On the Surface (pastel over watercolor, 20×20) by Colette Odya Smith was a finalist in the 24th Annual Art Competition. Smith is our June 2008 Artist of the Month.
Residence: Wauwatosa, Wisconsin
Start in art: My mother tells me that it was easy to keep me happy as a child. All she had to do was set out crayons, paper and scissors, and I would keep myself occupied for hours. So it wasn’t a big surprise that I started taking art classes as soon as I could in high school and majored in fine art, humanities and education at Macalester College in St. Paul, Minnesota. Weekend adult classes at the Milwaukee Institute of Art and Design spurred my interest in soft pastels. I began working and exhibiting as a professional 11 years ago, but I’m not supporting myself with my painting yet.
Her process: I often begin by taking walks. When something about a particular place inspires me, I photograph it. Since I like to work in series, I try to get a rich variety of source photos and work with the ones I’m most attracted to. I make thumbnail sketches to alter or combine compositions as I feel the need, planning out the watercolor underpainting. The pastels are then applied in many layers, scumbled atop one other until they create the complex hues I’m after. It’s as if I slowly dance around before finally closing in on my final choices. My palette tends to be natural, with a heavy inclination to blues, probably because I love painting water, but I remain open to whatever nature shows me. I spend anywhere from a couple of days to two weeks on a piece, depending on its size and complexity. On the Surface is one of my favorite sizes to work in—20×20. It took under a week to complete.
About this painting: I’ve long been transfixed by Monet’s water lily paintings. So when I saw the photos I had taken while kayaking on the Milwaukee River with a friend, I decided to face the master and create some water lily paintings of my own as an homage to Monet.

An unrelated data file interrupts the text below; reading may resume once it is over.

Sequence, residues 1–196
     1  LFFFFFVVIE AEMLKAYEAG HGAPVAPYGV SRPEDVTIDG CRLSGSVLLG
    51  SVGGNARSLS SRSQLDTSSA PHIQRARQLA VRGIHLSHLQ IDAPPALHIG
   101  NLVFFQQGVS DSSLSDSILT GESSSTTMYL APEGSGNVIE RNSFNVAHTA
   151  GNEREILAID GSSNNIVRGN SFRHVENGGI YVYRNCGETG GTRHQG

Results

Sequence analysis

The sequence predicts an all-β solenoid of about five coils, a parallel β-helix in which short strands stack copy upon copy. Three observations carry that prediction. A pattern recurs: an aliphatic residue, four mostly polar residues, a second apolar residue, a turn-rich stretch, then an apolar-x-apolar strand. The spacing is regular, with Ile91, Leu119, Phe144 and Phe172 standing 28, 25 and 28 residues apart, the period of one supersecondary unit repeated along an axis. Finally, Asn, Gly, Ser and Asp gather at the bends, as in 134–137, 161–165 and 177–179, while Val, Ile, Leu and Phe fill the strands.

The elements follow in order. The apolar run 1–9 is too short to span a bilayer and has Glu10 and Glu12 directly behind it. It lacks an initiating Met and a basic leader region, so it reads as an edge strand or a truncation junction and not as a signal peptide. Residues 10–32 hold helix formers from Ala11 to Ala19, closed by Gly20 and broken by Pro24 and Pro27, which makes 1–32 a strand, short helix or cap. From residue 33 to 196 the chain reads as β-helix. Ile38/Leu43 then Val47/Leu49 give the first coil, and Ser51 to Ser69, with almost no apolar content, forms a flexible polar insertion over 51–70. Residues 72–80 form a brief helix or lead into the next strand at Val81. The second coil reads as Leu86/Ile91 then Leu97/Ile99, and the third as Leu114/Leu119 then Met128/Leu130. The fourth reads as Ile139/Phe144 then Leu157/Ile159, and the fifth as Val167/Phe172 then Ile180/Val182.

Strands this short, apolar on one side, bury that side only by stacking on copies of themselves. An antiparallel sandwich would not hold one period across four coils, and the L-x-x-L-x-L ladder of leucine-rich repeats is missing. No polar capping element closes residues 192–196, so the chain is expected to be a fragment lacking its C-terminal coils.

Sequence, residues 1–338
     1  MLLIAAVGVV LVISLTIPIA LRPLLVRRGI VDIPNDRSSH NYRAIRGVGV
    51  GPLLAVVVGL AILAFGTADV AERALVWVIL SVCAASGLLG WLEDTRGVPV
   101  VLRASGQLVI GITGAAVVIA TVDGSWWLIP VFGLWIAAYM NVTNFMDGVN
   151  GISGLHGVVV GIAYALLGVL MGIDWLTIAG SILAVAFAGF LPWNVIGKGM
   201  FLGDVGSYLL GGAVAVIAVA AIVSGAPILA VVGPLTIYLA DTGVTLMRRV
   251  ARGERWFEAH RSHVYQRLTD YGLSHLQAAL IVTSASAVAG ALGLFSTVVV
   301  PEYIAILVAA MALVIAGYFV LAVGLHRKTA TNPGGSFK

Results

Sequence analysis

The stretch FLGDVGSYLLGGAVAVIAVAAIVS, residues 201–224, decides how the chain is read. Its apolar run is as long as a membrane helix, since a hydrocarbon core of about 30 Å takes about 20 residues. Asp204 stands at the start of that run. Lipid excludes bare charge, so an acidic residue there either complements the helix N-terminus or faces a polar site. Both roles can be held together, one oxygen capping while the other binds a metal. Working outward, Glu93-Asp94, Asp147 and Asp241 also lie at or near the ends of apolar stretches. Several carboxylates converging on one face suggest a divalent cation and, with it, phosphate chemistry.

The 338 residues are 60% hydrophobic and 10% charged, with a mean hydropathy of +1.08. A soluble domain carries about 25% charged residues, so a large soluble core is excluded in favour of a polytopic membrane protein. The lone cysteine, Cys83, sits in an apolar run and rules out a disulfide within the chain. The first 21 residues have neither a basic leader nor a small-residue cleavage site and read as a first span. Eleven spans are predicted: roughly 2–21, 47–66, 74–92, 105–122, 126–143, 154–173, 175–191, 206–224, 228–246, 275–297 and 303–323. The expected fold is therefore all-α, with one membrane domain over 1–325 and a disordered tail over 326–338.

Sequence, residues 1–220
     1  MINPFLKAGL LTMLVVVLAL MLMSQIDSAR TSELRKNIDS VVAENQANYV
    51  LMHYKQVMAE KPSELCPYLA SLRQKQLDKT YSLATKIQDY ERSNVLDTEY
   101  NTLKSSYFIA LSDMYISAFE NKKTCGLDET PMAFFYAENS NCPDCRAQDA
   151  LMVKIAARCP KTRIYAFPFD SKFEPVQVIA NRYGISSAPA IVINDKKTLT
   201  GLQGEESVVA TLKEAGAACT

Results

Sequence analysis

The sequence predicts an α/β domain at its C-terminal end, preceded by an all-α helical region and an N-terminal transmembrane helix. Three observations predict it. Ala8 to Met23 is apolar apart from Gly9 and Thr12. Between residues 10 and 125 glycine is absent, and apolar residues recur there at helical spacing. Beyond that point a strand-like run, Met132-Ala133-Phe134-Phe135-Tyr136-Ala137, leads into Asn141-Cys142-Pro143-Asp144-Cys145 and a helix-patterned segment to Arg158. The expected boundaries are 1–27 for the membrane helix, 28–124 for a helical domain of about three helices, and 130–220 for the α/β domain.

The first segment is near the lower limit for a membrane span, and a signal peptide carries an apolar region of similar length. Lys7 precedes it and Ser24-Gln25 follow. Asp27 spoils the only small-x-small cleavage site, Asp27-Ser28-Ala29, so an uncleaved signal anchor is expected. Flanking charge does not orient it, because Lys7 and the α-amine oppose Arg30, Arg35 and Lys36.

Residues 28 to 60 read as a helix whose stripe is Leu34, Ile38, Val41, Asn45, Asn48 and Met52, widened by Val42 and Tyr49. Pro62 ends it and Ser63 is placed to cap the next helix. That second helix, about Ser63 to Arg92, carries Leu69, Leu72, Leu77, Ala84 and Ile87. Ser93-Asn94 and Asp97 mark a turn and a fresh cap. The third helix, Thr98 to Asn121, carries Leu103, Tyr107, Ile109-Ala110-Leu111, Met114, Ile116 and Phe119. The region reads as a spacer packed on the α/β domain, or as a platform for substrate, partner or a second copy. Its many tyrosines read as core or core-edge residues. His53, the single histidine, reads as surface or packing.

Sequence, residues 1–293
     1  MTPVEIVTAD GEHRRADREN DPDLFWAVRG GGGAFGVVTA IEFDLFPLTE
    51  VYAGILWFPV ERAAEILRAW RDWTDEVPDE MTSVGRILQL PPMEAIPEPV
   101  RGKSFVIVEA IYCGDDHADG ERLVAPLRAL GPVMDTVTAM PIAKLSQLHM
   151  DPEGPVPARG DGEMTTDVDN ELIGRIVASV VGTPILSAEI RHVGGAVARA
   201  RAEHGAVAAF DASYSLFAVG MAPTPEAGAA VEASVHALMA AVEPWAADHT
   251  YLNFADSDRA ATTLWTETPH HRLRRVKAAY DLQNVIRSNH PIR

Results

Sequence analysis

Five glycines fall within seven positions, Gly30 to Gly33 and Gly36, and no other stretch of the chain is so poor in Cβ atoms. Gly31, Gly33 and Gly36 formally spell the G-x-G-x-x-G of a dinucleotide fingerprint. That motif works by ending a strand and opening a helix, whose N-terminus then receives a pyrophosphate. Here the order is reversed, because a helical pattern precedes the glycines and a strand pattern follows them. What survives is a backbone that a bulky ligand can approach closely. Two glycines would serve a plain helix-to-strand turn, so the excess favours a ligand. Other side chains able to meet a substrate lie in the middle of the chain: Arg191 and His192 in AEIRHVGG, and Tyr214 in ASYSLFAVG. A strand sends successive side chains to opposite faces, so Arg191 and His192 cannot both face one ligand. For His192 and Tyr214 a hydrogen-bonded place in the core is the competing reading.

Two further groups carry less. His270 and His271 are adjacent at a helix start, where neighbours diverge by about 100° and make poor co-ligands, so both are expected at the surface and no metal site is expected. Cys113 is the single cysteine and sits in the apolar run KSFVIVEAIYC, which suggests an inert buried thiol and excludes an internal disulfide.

On the Surface, one of three done from that day’s photos, is an example of a case where the photos gave me color and form references but needed compositional refinements. For instance, I created the line of trees at the horizon based loosely on a different photo and completely invented the sky because it seemed necessary for balance. My favorite part is undoubtedly the lower area of lily pads with the touches of greens, purples, whites and golds emerging from the deep blue that unites the forms. Painting this area was like pure play. The surprise in the painting is how much fun it was to put the strong, olive vertical strokes over the horizontal roses and magentas in the middle ground. I was also struck with how strong the light golds needed to be approaching the far shore. The importance of that mass of light on the surface of the water led to the title. In regards to the title, I wanted viewers to think about what in our lives is on the surface and how it relates to what’s beneath.
Why she creates art: I didn’t create my own serious work for many years because I thought it was all about expressing myself and sharing what I had to say, and I couldn’t imagine why the world needed to hear what I had to say when there were so many others more talented than I was. I found guidance and inspiration in the writings of the Bahai Faith about art and its role in society. It was a delightful discovery to realize that it wasn’t about me at all, but rather about how I could try to give physical form to what I had been given to understand about the spiritual mysteries that underlie everything. I believe there is a reason for beauty and our attraction to it. I believe participating in the act of creating centers us and offers a path to healing and peace through its positive energy. While it also seems to be good for me, I guess I paint because I hope that others can be served through it.
Edited by Grace Dobush, associate editor of The Artist’s Magazine.
Artists of the Month are chosen from our Annual Competition entrants. To learn more, visit our competition page.